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Despite Its High P/E Ratio, Is Aker Solutions ASA (OB:AKSO) Still Undervalued?

Simply Wall St

This article is written for those who want to get better at using price to earnings ratios (P/E ratios). We'll look at Aker Solutions ASA's (OB:AKSO) P/E ratio and reflect on what it tells us about the company's share price. Aker Solutions has a price to earnings ratio of 16.38, based on the last twelve months. That is equivalent to an earnings yield of about 6.1%.

View our latest analysis for Aker Solutions

How Do I Calculate A Price To Earnings Ratio?

The formula for P/E is:

Price to Earnings Ratio = Share Price ÷ Earnings per Share (EPS)

Or for Aker Solutions:

P/E of 16.38 = NOK24.86 ÷ NOK1.52 (Based on the trailing twelve months to June 2019.)

Is A High Price-to-Earnings Ratio Good?

The higher the P/E ratio, the higher the price tag of a business, relative to its trailing earnings. That is not a good or a bad thing per se, but a high P/E does imply buyers are optimistic about the future.

Does Aker Solutions Have A Relatively High Or Low P/E For Its Industry?

We can get an indication of market expectations by looking at the P/E ratio. You can see in the image below that the average P/E (15.7) for companies in the energy services industry is roughly the same as Aker Solutions's P/E.

OB:AKSO Price Estimation Relative to Market, August 19th 2019

Its P/E ratio suggests that Aker Solutions shareholders think that in the future it will perform about the same as other companies in its industry classification. If the company has better than average prospects, then the market might be underestimating it. Further research into factors such as insider buying and selling, could help you form your own view on whether that is likely.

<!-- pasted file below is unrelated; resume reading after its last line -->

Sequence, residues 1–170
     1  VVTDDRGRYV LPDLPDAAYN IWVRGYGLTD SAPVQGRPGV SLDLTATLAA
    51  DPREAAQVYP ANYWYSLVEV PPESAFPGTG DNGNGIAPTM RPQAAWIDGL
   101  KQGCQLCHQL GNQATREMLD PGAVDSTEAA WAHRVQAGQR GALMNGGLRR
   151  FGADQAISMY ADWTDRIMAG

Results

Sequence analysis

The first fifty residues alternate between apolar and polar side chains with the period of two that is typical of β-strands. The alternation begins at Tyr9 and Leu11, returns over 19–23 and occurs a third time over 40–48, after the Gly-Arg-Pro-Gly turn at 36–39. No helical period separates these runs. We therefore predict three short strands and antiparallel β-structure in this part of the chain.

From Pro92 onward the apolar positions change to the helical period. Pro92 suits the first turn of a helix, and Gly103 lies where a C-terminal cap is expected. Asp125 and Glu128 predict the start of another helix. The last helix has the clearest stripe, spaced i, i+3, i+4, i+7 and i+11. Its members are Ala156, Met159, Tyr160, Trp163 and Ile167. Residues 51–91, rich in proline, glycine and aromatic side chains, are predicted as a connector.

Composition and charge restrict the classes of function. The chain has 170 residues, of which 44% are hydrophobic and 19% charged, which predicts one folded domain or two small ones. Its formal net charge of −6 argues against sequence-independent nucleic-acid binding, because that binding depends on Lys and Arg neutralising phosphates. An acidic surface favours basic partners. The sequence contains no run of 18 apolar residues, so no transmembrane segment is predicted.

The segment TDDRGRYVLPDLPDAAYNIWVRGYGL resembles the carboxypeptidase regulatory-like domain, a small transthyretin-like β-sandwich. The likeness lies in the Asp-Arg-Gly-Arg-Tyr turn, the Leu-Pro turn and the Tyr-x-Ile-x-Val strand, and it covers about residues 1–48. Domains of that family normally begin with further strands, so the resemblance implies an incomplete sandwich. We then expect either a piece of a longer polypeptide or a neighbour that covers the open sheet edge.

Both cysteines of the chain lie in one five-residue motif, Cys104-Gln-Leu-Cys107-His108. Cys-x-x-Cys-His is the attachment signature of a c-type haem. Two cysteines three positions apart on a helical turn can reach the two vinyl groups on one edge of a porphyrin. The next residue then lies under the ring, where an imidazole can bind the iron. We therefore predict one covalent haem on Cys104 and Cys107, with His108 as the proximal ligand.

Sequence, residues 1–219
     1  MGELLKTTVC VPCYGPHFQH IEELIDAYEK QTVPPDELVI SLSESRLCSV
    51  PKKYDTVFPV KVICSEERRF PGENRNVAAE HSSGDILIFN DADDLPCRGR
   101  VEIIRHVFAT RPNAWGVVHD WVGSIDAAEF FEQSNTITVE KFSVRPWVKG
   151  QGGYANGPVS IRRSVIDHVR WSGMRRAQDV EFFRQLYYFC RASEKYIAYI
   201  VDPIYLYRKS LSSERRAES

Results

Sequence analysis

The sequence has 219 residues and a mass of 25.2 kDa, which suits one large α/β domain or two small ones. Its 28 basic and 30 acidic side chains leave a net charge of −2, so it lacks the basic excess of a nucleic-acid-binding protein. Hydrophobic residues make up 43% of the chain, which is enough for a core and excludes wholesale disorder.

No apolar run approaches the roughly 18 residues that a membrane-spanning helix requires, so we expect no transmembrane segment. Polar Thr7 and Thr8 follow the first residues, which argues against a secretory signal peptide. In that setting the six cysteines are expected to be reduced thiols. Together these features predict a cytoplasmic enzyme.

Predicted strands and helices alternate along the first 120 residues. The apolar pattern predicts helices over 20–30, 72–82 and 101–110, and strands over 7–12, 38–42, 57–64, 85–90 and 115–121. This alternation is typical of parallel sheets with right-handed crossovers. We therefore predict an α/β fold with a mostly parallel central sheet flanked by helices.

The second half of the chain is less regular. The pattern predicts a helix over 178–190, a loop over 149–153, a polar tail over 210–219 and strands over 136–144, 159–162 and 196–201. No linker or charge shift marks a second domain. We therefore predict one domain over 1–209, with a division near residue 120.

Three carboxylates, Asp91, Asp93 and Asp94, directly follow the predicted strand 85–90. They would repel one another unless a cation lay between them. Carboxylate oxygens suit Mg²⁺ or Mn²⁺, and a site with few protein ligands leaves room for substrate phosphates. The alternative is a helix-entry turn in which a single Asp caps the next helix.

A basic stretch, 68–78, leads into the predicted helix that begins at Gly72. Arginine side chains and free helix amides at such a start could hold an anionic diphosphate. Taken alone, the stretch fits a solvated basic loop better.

How Growth Rates Impact P/E Ratios

Earnings growth rates have a big influence on P/E ratios. Earnings growth means that in the future the 'E' will be higher. Therefore, even if you pay a high multiple of earnings now, that multiple will become lower in the future. So while a stock may look expensive based on past earnings, it could be cheap based on future earnings.

Most would be impressed by Aker Solutions earnings growth of 17% in the last year. And it has improved its earnings per share by 23% per year over the last three years. So one might expect an above average P/E ratio. Unfortunately, earnings per share are down 20% a year, over 5 years.

Don't Forget: The P/E Does Not Account For Debt or Bank Deposits

The 'Price' in P/E reflects the market capitalization of the company. That means it doesn't take debt or cash into account. In theory, a company can lower its future P/E ratio by using cash or debt to invest in growth.

Spending on growth might be good or bad a few years later, but the point is that the P/E ratio does not account for the option (or lack thereof).

How Does Aker Solutions's Debt Impact Its P/E Ratio?

Net debt totals 20% of Aker Solutions's market cap. That's enough debt to impact the P/E ratio a little; so keep it in mind if you're comparing it to companies without debt.

The Bottom Line On Aker Solutions's P/E Ratio

Aker Solutions has a P/E of 16.4. That's higher than the average in its market, which is 11.7. The company is not overly constrained by its modest debt levels, and its recent EPS growth very solid. So on this analysis it seems reasonable that its P/E ratio is above average.

Investors have an opportunity when market expectations about a stock are wrong. As value investor Benjamin Graham famously said, 'In the short run, the market is a voting machine but in the long run, it is a weighing machine.' So this free visualization of the analyst consensus on future earnings could help you make the right decision about whether to buy, sell, or hold.

Of course you might be able to find a better stock than Aker Solutions. So you may wish to see this free collection of other companies that have grown earnings strongly.

We aim to bring you long-term focused research analysis driven by fundamental data. Note that our analysis may not factor in the latest price-sensitive company announcements or qualitative material.

If you spot an error that warrants correction, please contact the editor at editorial-team@simplywallst.com. This article by Simply Wall St is general in nature. It does not constitute a recommendation to buy or sell any stock, and does not take account of your objectives, or your financial situation. Simply Wall St has no position in the stocks mentioned. Thank you for reading.